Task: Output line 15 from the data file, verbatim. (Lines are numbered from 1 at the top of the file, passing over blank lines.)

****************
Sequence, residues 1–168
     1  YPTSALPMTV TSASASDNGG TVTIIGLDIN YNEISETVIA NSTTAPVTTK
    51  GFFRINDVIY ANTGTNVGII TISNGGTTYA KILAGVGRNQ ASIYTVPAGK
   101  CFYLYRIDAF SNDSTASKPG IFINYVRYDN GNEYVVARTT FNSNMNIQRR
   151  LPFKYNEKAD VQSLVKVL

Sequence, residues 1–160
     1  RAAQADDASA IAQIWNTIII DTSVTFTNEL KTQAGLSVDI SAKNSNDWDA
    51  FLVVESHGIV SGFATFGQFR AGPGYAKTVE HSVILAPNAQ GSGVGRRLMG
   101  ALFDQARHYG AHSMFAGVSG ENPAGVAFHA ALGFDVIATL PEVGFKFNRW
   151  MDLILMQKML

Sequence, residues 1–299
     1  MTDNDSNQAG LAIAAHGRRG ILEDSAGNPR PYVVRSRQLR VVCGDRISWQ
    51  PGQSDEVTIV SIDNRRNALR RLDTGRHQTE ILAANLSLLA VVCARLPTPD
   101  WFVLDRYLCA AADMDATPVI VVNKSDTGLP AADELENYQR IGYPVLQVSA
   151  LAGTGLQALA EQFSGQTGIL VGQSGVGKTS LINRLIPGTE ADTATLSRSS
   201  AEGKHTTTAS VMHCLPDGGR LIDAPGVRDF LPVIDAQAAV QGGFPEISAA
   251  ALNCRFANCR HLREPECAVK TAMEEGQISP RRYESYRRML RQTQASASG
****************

   151  LAGTGLQALA EQFSGQTGIL VGQSGVGKTS LINRLIPGTE ADTATLSRSS